Four Big Questions Framing The SVB Blowup

WASHINGTON, DC - MARCH 10: U.S. Treasury Secretary Janet Yellen testifies during a House Ways and Means Committee hearing on Capitol Hill March 10, 2023 in Washington, DC. The hearing focused on President Joe Biden's... WASHINGTON, DC - MARCH 10: U.S. Treasury Secretary Janet Yellen testifies during a House Ways and Means Committee hearing on Capitol Hill March 10, 2023 in Washington, DC. The hearing focused on President Joe Biden's fiscal year 2024 budget plan. (Photo by Drew Angerer/Getty Images) MORE LESS
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The collapse of Silicon Valley Bank last week sent the financial world into turmoil, and has started to bleed into politics.

But much about what actually happened in the years, months and days before the bank’s implosion remains poorly understood. The chaos has revealed, however, big questions that could shape accountability for the bank’s collapse, and the federal response.

TPM spoke with several experts to suss out a non-exhaustive list of questions that frame up the crisis.

Where were the supervisors?

The Wall Street Journal reported in November 2022 that the Fed’s interest-rate hikes were inflicting losses at SVB — the balance sheet problem which ended up sparking the bank run last week.

Rating agencies and various short sellers also released reports documenting the same issue.

“The media knew it, shorts knew it, the rating agencies knew it, and then clearly the Fed was grossly deficient here,” Dennis Kelleher, CEO of the banking reform group Better Markets, told TPM.

That left many wondering how supervisors might have missed the same warning signs that so many others saw.

“It’s not as if supervisory authorities are toothless — there was definitely room to extract valuable info here,” Skanda Amarnath, executive director of the economic research and advocacy group Employ America, told TPM.

One recently retired Federal Reserve bank examiner, who spoke on condition of anonymity, told TPM that it was unclear whether bank examiners with the San Francisco Federal Reserve, the main federal regulator for SVB, had taken steps to push the bank to resolve its balance sheet issues.

“The supervisors got to see the same risk management problems as everyone else, and apparently not much happened,” the person said.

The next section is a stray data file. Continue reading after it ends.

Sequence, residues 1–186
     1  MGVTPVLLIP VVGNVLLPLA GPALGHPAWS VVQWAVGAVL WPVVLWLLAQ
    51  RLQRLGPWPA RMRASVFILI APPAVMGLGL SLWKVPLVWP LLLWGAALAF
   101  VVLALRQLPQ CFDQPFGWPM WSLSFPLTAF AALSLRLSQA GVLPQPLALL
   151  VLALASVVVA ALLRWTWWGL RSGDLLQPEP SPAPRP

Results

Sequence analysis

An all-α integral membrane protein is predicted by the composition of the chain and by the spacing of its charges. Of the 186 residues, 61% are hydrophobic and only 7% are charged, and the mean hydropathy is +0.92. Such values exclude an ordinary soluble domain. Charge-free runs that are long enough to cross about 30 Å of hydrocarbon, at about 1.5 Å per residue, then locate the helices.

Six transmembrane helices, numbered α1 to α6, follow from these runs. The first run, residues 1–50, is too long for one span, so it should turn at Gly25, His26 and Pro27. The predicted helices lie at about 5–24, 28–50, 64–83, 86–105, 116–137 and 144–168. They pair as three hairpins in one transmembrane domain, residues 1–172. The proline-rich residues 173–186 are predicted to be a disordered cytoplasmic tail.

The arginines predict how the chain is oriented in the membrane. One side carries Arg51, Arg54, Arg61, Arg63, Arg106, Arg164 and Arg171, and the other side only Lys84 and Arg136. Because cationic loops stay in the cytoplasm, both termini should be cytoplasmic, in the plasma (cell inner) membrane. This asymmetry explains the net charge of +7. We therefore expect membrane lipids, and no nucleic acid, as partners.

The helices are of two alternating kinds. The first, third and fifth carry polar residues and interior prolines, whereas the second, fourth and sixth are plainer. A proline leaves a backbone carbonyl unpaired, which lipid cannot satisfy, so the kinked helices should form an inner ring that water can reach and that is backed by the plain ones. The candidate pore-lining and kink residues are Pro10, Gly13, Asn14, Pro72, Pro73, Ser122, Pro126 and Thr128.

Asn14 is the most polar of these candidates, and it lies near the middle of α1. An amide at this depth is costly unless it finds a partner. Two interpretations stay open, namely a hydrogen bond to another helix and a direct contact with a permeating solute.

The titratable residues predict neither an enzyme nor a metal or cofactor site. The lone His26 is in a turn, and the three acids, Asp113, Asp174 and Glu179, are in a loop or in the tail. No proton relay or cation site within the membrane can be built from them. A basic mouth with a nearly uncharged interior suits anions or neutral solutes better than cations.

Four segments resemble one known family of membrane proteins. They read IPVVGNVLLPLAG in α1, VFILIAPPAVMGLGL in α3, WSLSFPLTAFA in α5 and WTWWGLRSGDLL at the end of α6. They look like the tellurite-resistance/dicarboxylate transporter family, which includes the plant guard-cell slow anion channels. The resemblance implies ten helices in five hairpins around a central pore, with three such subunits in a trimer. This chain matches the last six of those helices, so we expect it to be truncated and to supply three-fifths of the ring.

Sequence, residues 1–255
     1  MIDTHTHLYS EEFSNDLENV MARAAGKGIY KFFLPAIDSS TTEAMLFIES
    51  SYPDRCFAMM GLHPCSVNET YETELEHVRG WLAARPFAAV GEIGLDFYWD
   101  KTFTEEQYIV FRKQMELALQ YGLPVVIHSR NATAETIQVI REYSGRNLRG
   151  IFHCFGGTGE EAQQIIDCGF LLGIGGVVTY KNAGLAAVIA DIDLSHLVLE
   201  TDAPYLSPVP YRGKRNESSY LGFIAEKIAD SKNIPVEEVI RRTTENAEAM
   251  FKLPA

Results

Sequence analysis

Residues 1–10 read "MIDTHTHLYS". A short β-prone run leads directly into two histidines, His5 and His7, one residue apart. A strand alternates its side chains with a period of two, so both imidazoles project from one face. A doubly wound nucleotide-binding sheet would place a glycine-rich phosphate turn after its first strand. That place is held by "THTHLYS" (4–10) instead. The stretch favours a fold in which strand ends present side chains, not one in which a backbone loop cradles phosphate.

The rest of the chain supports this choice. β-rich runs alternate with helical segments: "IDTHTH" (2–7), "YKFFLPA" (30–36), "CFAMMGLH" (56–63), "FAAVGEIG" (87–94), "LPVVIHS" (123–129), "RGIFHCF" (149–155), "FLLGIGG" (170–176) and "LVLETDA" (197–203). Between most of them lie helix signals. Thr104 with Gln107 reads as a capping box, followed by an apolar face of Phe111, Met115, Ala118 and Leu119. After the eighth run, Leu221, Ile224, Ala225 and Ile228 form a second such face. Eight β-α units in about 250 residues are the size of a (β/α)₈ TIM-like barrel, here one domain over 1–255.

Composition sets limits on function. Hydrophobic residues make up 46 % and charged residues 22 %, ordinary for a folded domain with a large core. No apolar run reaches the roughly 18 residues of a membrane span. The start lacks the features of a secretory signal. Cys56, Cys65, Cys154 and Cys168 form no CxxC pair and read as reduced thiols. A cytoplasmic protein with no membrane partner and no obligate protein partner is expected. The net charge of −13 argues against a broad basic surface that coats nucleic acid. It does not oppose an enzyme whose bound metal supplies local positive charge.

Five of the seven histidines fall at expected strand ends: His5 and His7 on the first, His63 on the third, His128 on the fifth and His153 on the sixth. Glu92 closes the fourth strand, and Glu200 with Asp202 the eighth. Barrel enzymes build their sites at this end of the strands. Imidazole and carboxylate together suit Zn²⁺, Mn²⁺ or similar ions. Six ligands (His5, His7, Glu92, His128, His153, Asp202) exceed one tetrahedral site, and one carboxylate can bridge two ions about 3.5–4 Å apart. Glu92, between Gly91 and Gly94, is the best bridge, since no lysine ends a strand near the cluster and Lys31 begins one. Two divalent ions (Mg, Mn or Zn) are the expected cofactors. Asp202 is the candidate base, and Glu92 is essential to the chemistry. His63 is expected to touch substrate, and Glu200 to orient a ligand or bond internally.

What role did the 2018 bank deregulation play?

A lot of talk has focused on a push for deregulation that saw Congress, in 2018, loosen regulatory requirements on mid-size regional banks that had originally been put in place through the Dodd-Frank Act in the wake of the 2008 financial crisis. These 2018 changes slackened regular stress testing, and lightened internal liquidity ratios that mid-sized banks had to maintain.

Congress also changed the threshold at which banks were deemed “systemically important” from $50 billion in assets to $250 billion. Banks in that category receive extra supervision and regulatory requirements, including more stringent capital and liquidity requirements, annual stress tests, and the requirement to have a so-called “living will” — a plan for how the bank will be resolved should it fail.

Lawmakers gave the Federal Reserve some leeway in how it interpreted the new law and how it policed individual banks. The Fed took that leeway and implemented the law in a manner that was less aggressive than it could have.

Under Fed policy, it chose not to treat SVB — then a bank with assets fewer than $250 billion — with the scrutiny that it would give to systemically important lenders. The Fed did that by choosing to exempt banks holding between $100 billion and $250 billion in assets from having to perform company-run stress testing, and to maintain a certain liquidity coverage ratio — a measure designed to ensure that a bank has enough liquid assets to withstand a bank run.

Because SVB saw roughly $42 billion in deposit withdrawals take place across a single day last week, many who followed the saga of the 2018 deregulation have been left wondering: would heightened liquidity ratios of the sort in place before 2018 have protected the bank against a run of that size?